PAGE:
Hubs and I had a 3rd attempt at fried chicken. The first two went well in the past but this time we didn't go the boneless strip route, and fried up some legs. Well...the first 4 were kind of pink but we were sure that was because of the bone. Sometimes it is colored closer to the bone, right? Well...we munched down those waiting for the last 3 to finish. By the time we got to the last ones, they were all pretty and NOT colored ANYWHERE. So, at this point, as I edit this post on Tuesday night, hubs and I are waiting for the salmonella. From now on, to do away with any doubt whatsoever, we're sticking with boneless.
So, I read all the time about how writers lack confidence in themselves. We are always the hardest on our own work. And, while I am inclined to believe this is true(as I know a little about myself and all) I don't see it as a bad thing. And I don't really think it's a flaw I need to work on.
I think, as a writer, we look at our work and think "we'll that could be a lot better." or "my dialog could use some work." or even "man I really blow." because we need to. We need to acknowledge that we have areas we could always improve so that we can cope when we get critiqued.
If you already believe your writing needs work, your characters aren't very strong, or your plot drags here or there then when someone tells you "hey, don't you think this is a little weak?" you don't fall apart.
Writers need tough skin, can't take it personally, so on and so forth. But the truth is, how do we not take it personally? We spend hours, days, months, and years with our characters. We poor our hearts and souls into our work; blood, sweat, and toil and all that jazz. How can we not take "I'm sorry but it just isn't what we're looking for" personally?
No one likes a bad critique but the reason we deal, the reason we persevere, and keep on plowing ahead for our dream is our one coping mechanism: Low self-esteem.
Okay. But when you already believe throwing a ball in the air will only come back down again, are you surprised when it does? Nope. You knew that.
I'm not saying we all really do suck like we believe. And I'm not saying taking your low self-esteem to an extreme isn't dangerous, you do need to believe you're awesome in general. But how much better does it feel when you think "oh this is just okay" and you get a critique from a partner that can't stop gushing about its awesomeness? SO GOOD, that's how!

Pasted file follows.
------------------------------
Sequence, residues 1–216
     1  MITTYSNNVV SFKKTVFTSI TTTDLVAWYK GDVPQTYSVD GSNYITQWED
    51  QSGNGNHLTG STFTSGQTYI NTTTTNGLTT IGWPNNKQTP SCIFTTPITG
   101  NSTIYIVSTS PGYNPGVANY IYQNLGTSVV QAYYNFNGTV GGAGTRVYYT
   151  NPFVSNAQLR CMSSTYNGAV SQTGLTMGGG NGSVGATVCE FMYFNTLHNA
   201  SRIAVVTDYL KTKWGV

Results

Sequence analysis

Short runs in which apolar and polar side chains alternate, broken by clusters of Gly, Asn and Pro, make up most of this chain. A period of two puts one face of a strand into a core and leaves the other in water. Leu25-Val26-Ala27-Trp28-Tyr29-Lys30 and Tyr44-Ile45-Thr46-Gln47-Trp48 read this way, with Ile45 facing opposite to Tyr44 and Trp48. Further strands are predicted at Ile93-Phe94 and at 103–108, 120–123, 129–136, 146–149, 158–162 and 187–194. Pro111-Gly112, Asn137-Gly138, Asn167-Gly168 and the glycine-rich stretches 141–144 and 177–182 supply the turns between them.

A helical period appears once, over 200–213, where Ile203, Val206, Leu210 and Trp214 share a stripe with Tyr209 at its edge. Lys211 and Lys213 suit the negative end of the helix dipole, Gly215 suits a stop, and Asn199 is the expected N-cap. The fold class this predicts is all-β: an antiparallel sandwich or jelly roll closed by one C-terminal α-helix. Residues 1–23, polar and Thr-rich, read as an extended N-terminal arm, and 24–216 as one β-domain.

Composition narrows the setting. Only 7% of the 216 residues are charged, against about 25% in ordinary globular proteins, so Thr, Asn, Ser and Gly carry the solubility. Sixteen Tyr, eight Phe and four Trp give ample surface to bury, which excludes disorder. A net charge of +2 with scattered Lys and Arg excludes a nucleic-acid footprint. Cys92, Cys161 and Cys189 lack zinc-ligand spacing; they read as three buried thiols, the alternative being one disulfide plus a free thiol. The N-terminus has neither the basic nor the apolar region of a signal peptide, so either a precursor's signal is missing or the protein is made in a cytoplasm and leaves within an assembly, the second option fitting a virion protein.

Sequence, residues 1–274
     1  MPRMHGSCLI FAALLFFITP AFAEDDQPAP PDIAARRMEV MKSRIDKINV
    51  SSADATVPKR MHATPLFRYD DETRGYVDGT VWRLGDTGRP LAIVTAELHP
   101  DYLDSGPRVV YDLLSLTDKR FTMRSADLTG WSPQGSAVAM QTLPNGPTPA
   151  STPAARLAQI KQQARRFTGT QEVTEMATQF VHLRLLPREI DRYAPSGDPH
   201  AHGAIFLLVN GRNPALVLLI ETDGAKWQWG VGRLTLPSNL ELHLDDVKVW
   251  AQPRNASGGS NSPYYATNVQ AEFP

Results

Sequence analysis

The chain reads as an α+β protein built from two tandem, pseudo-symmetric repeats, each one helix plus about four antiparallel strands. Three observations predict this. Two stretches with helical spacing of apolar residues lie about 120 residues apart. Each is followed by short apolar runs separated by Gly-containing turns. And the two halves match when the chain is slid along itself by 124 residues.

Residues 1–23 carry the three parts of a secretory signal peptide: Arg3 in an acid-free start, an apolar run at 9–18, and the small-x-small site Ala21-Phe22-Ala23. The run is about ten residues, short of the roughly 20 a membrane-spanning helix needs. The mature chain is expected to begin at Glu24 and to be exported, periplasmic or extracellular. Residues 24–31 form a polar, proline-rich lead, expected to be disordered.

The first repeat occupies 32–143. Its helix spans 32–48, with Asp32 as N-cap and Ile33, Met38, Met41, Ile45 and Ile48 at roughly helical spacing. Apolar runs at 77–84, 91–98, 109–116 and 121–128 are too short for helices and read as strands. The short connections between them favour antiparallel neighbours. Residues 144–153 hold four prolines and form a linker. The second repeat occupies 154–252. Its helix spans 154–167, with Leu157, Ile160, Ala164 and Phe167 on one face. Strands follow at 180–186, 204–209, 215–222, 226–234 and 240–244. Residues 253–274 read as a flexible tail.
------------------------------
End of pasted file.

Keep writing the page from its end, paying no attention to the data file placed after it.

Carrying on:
Lacking confidence saves writers from falling apart right at the first sign of negativity directed at their work. It keeps their manuscripts out of the flames and away from the shredders most times. Instead of freaking out, doing handstands on the tables and screaming incoherently until someone carts them away in the big, white, padded van, most just curl up with a gallon of ice cream, a big blanket, and a feel good movie to drown their woes in for a while. Then pick themselves back up and try it again.
Being prepared for rejection keeps writers in one piece, whole, and ready to work a little harder, push it a little farther, and keep doing what they love. Instead of running away and joining a circus. Wait. That sounds like fun.
Anyway, believing in yourself is different than believing in your writing. Believing you CAN do it and being prepared to accept your MS needs more work are the two most important tools a writer can have. And when an agent/editor/ publisher picks up your MS and is pleased with what they hold and its saleability, I doubt you will believe it's real, really happening this time, because of all the times you had to try again during the process. And, to me, that surreal feeling, can be so nice. And so worth it.
Humility, lack of confidence, all those negative feelings you have toward your MS keep it and you whole.
But that is just my opinion, after all. And, really, what do I know? I could just be trying to make myself feel better. It worked!
Don't let yourself stay down, if you're in a low place with your writing and that journey you're one with it. Thinking you suck and actually sucking aren't the same. Chances are 95% good that you really don't. Look it up. That is a totally accurate statistic. Yup.
But, really, how many times have you read someone else's work who has been telling you how low they feel and you're blown away? It's the same with you, dude. You are leaps and bounds better than you believe you are. It's a writers curse. And it makes you strong. In a weird, butt-backwards way.
HERE are 12 ways to create suspense.
HERE you'll find a contest to win Across the Universe (which I DESPERATELY NEED TO READ!) from Scribbler to Scribe.
We went to eat Chinese for the hub's birthday and my fortune was: "Every artist was first an amateur" HA! Right? Love when those pesky cookies are so well placed.
Happy Writery Wednesday!